field. For an array of identical elements, the output of the array is the weighted sum of
the individual elements, using the complex weights,
*w _{m}*

$$z(\theta ,\varphi ,r)=A{\displaystyle \sum _{m=0}^{M-1}{w}_{m}^{*}}f(\theta ,\varphi )\frac{{e}^{-ik{r}_{m}}}{{r}_{m}}$$

where *r _{m}* is the distance from
the m

$$z(\theta ,\varphi ,r)=A\frac{{e}^{-ikr}}{r}f(\theta ,\varphi ){\displaystyle \sum _{m=0}^{M-1}{w}_{m}^{*}}{e}^{-iku\xb7{x}_{m}}$$

where *x*_{m} are the vector positions of the
array elements with respect to the array origin. ** u
** is the unit vector from the array origin to the field point. This
equation can be written compactly is the form

$$z(\theta ,\varphi ,r)=A\frac{{e}^{-ikr}}{r}f(\theta ,\varphi ){w}^{H}s$$

The term ** w^{H}s** is called the

$$s(\theta ,\varphi )=\{\dots ,{e}^{iku\xb7{x}_{m}},\dots \}$$

The total *array pattern* consists of an amplitude term, an element
pattern, *f(θ,φ)*, and an array factor,
*F _{array}(θ,φ)*. The total angular behavior of
the array pattern,

$$z(\theta ,\varphi ,r)=A\frac{{e}^{-ikr}}{r}f(\theta ,\varphi ){w}^{H}s=A\frac{{e}^{-ikr}}{r}f(\theta ,\varphi ){F}_{array}(\theta ,\varphi )=A\frac{{e}^{-ikr}}{r}B(\theta ,\varphi )$$

When evaluated at the reference distance, the array field pattern has the form

$$Af(\theta ,\varphi ){w}^{H}s=Af(\theta ,\varphi ){F}_{array}(\theta ,\varphi )=AB(\theta ,\varphi )$$

The `pattern`

method, when the `'Normalize'`

parameter is set to `false`

and the `'Type'`

parameter
is set to `'efield'`

, returns the magnitude of the array field pattern at
the reference distance.

pattern(array,'Normalize',false,'Type','efield');

`'Normalize'`

parameter is set to `true`

, the
`pattern`

method returns a pattern normalized to
unity.pattern(array,'Normalize',true,'Type','efield');

The array power pattern is given by

$$|Af(\theta ,\varphi ){w}^{H}s{|}^{2}=|Af(\theta ,\varphi ){F}_{array}(\theta ,\varphi ){|}^{2}=|AB(\theta ,\varphi ){|}^{2}$$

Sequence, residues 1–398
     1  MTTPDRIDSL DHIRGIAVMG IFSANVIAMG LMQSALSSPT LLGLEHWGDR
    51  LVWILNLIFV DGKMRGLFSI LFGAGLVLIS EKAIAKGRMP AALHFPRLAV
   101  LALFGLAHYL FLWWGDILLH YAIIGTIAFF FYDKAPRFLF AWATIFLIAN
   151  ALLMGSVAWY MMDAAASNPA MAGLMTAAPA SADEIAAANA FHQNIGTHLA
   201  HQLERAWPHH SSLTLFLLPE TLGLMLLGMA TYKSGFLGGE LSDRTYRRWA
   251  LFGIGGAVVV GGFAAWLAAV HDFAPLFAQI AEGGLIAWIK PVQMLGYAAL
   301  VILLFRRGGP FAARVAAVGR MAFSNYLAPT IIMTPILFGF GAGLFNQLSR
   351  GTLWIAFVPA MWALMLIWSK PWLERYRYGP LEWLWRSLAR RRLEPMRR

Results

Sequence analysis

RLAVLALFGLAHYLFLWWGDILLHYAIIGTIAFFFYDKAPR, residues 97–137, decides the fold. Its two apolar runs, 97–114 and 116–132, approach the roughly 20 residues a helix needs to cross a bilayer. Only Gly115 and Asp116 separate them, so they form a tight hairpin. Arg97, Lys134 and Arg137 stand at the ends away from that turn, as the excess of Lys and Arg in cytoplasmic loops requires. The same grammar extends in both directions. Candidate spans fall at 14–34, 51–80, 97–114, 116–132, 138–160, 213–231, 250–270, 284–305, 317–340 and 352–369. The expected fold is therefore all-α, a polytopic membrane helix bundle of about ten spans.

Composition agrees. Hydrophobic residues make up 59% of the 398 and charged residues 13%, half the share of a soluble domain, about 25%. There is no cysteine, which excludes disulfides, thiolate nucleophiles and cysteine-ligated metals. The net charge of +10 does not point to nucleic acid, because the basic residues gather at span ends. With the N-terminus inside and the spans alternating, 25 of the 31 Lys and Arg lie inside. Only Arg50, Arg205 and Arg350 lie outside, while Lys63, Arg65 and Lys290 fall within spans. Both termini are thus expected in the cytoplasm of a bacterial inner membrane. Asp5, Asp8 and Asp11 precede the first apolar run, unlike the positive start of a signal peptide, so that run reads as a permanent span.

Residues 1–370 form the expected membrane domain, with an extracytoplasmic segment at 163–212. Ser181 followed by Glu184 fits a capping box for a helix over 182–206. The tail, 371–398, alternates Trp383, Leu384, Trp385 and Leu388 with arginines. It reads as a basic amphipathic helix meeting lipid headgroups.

The `pattern`

method, when the `'Normalize'`

parameter is set to `false`

and the `'Type'`

parameter
is set to `'power'`

or `'powerdb'`

, returns the array
power pattern at the reference distance.

pattern(array,'Normalize',false,'Type','power');

`'Normalize'`

parameter is set to `true`

, the
`pattern`

method returns the power pattern normalized to
unity.pattern(array,'Normalize',true,'Type','power');

For the conventional beamformer, the weights are chosen to maximize the power
transmitted towards a particular direction, or in the case of receiving arrays, to
maximize the response of the array for a particular arrival direction. If ** u_{0}** is the desired
pointing direction, then the weights which maximize the power and response in this
direction have the general form

$$w=\left|{w}_{m}\right|{e}^{-ik{u}_{0}\xb7{x}_{m}}$$

For these weights, the array factor becomes

$${F}_{array}(\theta ,\varphi )={\displaystyle \sum _{m=0}^{M-1}|}{w}_{m}|{e}^{-ik(u-{u}_{0})\xb7{x}_{m}}$$

which has a maximum at **u** = **u**_{0}.

*Array directivity* is defined the same way as *element
directivity*: the radiant intensity in a specific direction divided by the
isotropic radiant intensity. The isotropic radiant intensity is the array total radiated
power divided by *4π*. In terms of the arrays weights and steering
vectors, the directivity can be written as

$$D(\theta ,\varphi )=4\pi \frac{|Af(\theta ,\varphi ){w}^{H}s{|}^{2}}{{P}_{total}}$$

where *P _{total}* is the total
radiated power from the array. In a discrete implementation, the total radiated power can
be computed by summing radiant intensity values over a uniform grid of angles that covers
the full sphere surrounding the array

$${P}_{total}=\frac{2{\pi}^{2}}{MN}{\displaystyle \sum _{m=0}^{M-1}{\displaystyle \sum _{n=0}^{N-1}|}A}f({\theta}_{m},{\varphi}_{n}){w}^{H}s({\theta}_{m},{\varphi}_{n}){|}^{2}\mathrm{cos}{\theta}_{m}$$

where *M* is the number of elevation grid points and
*N* is the number of azimuth grid points.

Because the radiant intensity is proportional to the beampattern,
*B(θ,φ)*, the directivity can also be written in terms of the beampattern

$$D(\theta ,\varphi )=4\pi \frac{|B(\theta ,\varphi ){|}^{2}}{{\displaystyle \int |}B(\theta ,\varphi ){|}^{2}\mathrm{cos}\theta d\theta d\varphi}$$

You can plot the directivity of an array by setting the
`'Type'`

parameter of the `pattern`

methods to
`'directivity'`

,

pattern(array,'Type','directivity');

In the Phased Array System Toolbox, *array gain* is defined to be the *array SNR
gain*. Array gain measures the improvement in SNR of a receiving array over
the SNR for a single element. Because an array is a spatial filter, the array SNR depends
upon the spatial properties of the noise field. When the noise is spatially isotropic, the
array gain takes a simple form

$$G=\frac{{\text{SNR}}_{array}}{{\text{SNR}}_{element}}=\frac{|{w}^{H}s{|}^{2}}{{w}^{H}w}$$

In addition, for an array with uniform weights, the array gain for an
*N*-element array has a maximum value at boresight of
*N* (or *10logN* in db).